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Disturbing trend in future employment? Or something to 'free us all'?

(9 Posts)
Draylon Sun 29-Nov-15 10:58:43

from today's Sunday review, Observer

Personally I read this in a state of sadness - the 6 interviewees were either young enough to be able to afford to mess about in several jobs simultaneously, or old enough to recognise they have no financial future.

Surely this can't be the future? And if it is, what areas of study should our DC get into to avoid being the 'have nots' in all this?!

yeOldeTrout Sun 29-Nov-15 11:45:54

Gosh, glass half empty or what? I thought it was marvellous how resourceful & entrepeneurial they all are.

2 of the interviewees are located in LA, 3 are American-raised, 2 are continent-hoppers. My parents grew up in LA (roughly speaking). Intermittent & inconsistent types of employment was normal for their generation in the 1950s-60s. Actually, for some of their parents in the 1920s-30s. too. I'm not sure what the problem is the OP is worried about.

LonnyVonnyWilsonFrickett Sun 29-Nov-15 11:57:45

Agree with Trout - yep, this is the way of the world now and it's exciting! I want my DC to have the soft skills to be able to juggle and be agile, to accept the opportunities that come his way, to always say 'yes'.

There is one big issue though and that's changing the traditional models of housing and finance to mesh with the new models of working. Housing is fecked in this country and this is another force to put pressure on the old ways of doing things.

OurBlanche Sun 29-Nov-15 12:09:07

I am 50 and am just re-working my life so that I can do this. Self employed 2 totally different fields, 1 NHS based job for 4 hours per week, 1 volunteering job that includes chances of paid work running workshops with partner agencies.

Frankly I wish DH could do much the same, it is quite a liberating and exciting way to work.

Draylon Sun 29-Nov-15 12:14:50

There is one big issue, though.

Yes. Precisely

Draylon Sun 29-Nov-15 12:16:18

OurBlanche- may I ask if you're post-first career? A home owner? Financially able to take the risks? With a pension plan in place?

Genuine questions.

OurBlanche Sun 29-Nov-15 12:55:04

I am now, but did a similar range of jobs back in the 80s, for much the same reasons. Then got all traditional, married, university, career. I am just reverting to type, I think.

I know lots of people my age who have always had a handful of jobs, some are homeowners, some single, some more secure than others. It isn't a new thing. Just the 80s and 90s diverted many people from more ad hoc arrangements.

It also may be a class/geographical thing. I am Northern and WC, moved South as a teen and got all MC in my 30s/40s. But I know many people here, both rural and city based, who have always worked like that, so maybe not!

But, in my experience, it is just a return to more loose, less secure, working arrangements. Which will have lots of pros as well as cons.

NoTechnologicalBreakdown Mon 30-Nov-15 17:38:43

It is something that has been developing for a while, but it is getting more extreme. I think worse, personally. Or rather, it is all very well when you're a footloose fancy-free 20-something, but it is not something you can have a family with. You need some security with a family.

There are all sorts of questions about the future of work that need to be asked in the highest places. This is an older article from a blog I like that starts to ask them notesbrokensociety.wordpress.com/2014/09/07/hard-work-why-we-need-to-change-the-way-we-think-about-work-pay-and-benefits/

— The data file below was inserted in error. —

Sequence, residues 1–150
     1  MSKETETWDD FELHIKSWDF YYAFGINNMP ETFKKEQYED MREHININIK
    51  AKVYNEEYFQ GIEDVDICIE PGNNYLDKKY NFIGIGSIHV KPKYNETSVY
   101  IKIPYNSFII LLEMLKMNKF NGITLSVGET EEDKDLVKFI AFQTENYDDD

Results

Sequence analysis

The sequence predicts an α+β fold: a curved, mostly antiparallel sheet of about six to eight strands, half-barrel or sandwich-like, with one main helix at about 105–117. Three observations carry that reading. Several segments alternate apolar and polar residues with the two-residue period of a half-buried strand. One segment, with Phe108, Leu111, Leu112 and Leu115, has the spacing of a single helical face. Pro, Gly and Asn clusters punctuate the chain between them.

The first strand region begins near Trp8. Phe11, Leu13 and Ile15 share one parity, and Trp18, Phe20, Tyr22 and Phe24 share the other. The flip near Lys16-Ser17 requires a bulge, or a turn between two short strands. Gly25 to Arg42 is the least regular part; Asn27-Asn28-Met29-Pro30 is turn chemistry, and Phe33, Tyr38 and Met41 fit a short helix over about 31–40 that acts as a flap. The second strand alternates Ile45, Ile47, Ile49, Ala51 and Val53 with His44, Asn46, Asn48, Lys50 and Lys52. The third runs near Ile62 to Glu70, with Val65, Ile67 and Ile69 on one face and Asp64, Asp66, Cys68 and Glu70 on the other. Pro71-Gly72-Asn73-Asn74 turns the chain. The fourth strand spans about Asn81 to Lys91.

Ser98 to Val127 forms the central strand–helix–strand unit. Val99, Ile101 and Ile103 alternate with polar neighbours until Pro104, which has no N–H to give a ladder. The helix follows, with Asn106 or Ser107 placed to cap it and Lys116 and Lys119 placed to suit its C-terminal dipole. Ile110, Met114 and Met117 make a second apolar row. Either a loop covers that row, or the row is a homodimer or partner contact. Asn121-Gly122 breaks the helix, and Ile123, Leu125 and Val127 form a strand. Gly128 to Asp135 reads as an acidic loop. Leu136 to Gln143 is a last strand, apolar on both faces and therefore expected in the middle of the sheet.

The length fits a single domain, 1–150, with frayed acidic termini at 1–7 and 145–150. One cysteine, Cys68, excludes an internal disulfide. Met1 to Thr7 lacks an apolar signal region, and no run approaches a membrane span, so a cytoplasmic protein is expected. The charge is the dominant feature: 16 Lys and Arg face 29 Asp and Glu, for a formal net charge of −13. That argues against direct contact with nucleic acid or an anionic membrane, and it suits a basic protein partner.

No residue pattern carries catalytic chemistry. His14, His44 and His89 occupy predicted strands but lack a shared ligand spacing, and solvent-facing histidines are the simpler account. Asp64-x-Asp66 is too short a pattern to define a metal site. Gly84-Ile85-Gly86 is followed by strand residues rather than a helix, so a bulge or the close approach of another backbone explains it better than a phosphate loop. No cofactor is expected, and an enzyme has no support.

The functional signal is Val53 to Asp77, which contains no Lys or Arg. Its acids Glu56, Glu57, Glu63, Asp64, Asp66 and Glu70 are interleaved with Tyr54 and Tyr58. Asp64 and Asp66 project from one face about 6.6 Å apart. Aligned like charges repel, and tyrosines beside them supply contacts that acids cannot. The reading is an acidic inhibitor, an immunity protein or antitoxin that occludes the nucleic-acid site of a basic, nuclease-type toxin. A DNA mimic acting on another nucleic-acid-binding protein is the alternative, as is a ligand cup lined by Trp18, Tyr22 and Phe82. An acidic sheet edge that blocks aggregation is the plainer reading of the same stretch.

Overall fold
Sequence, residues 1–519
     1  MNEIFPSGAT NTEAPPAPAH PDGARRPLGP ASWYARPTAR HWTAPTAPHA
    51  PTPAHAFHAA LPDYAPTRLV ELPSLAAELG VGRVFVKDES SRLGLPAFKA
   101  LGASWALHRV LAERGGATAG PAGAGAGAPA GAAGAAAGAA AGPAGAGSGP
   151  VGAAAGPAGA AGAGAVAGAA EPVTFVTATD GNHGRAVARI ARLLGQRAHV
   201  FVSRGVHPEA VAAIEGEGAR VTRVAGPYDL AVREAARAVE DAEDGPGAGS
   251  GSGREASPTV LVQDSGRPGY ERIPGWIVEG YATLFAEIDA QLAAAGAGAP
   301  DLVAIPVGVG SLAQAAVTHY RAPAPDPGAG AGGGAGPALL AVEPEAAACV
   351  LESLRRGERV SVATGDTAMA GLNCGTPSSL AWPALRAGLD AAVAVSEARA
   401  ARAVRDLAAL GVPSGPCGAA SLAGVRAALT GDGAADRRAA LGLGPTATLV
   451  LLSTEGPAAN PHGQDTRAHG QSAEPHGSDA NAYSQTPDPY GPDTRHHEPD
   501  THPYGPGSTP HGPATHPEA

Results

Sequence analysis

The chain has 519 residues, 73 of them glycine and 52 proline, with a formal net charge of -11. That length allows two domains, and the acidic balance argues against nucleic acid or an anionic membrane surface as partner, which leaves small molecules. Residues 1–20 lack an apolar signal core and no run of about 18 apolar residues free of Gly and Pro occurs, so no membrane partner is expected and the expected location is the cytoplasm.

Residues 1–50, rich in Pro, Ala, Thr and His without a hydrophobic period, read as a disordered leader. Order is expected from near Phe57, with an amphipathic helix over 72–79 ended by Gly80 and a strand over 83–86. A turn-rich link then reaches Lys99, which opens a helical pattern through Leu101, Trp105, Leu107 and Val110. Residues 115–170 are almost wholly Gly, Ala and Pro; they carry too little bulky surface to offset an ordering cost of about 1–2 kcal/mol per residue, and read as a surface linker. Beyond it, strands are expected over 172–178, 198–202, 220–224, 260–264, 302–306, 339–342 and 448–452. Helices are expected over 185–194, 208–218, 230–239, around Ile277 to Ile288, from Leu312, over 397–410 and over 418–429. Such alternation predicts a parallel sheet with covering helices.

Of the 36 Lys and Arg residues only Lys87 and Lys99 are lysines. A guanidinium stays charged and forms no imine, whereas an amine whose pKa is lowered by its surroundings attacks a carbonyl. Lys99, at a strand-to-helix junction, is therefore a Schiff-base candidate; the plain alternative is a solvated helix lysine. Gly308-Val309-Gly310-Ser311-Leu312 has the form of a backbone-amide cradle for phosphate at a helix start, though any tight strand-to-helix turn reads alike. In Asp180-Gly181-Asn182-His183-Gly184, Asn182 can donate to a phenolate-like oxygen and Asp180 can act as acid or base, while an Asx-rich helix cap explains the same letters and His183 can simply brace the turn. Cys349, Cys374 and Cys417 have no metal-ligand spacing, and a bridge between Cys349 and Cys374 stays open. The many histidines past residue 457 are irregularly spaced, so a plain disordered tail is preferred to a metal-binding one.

And here's a video (from a Belgian newssite) about basic income, which might be part of the solution deredactie.be/cm/vrtnieuws.english/videozone_ENG/1.2253270

Technology is changing the way we work - stories about technology reducing the number of jobs available have hit the BBC more than once - and we need to match its development with social development. Contrary to popular belief, we do not need to have the 'have' and 'have nots' - that is a political decision. We could and should imo share resources out more fully, taking the environmental limits into consideration as well. Something as simple as more part-time work would be beneficial, why is it that as technology has evolved to make our lives easier, or so it has been argued, we have ended up working more and more and reducing a work-life balance? There are old archaeology / ethnographic articles about how hunter-gatherers work 10-15 hours or so (can't remember exact figures, this is old stuff), subsistence farmers 25 hours a week to maintain themselves - but modern society is insisting on 37 as standard for most of us, up to 60 for some? Crazy. Scandinavia is reducing its work hours, according to a recent BBC article I saw: Germany reduced its pensionable age. But in Britain we ask for more and more from the few people still in decent secure employment.

There are feminist angles as well, as women no longer see why they should be considered primarily responsible for home life and increasingly think that men should be working less hours and be available for their families more. If we have to balance the two, why shouldn't they.

As you can probably tell these sorts of issues interest me! Hope you can make some sort of sense out of the brain dump!

suzannecaravaggio Wed 02-Dec-15 18:00:35

but modern society is insisting on 37 as standard for most of us, up to 60 for some

the purpose is to keep us all too busy and stressed to think about the fact that 'We could and should imo share resources out more fully'

we are mere livestock herded about by those in power so that multinational corporations can milk us for profit

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